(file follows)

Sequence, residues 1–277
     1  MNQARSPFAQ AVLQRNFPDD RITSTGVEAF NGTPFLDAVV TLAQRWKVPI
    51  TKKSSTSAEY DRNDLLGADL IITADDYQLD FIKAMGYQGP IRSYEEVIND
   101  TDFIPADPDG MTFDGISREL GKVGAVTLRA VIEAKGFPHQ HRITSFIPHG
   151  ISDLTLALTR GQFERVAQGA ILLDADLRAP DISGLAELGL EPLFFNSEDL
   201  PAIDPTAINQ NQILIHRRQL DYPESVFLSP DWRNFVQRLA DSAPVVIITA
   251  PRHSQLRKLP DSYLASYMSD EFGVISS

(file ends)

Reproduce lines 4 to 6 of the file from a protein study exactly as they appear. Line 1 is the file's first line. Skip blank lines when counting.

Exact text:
   101  TDFIPADPDG MTFDGISREL GKVGAVTLRA VIEAKGFPHQ HRITSFIPHG
   151  ISDLTLALTR GQFERVAQGA ILLDADLRAP DISGLAELGL EPLFFNSEDL
   201  PAIDPTAINQ NQILIHRRQL DYPESVFLSP DWRNFVQRLA DSAPVVIITA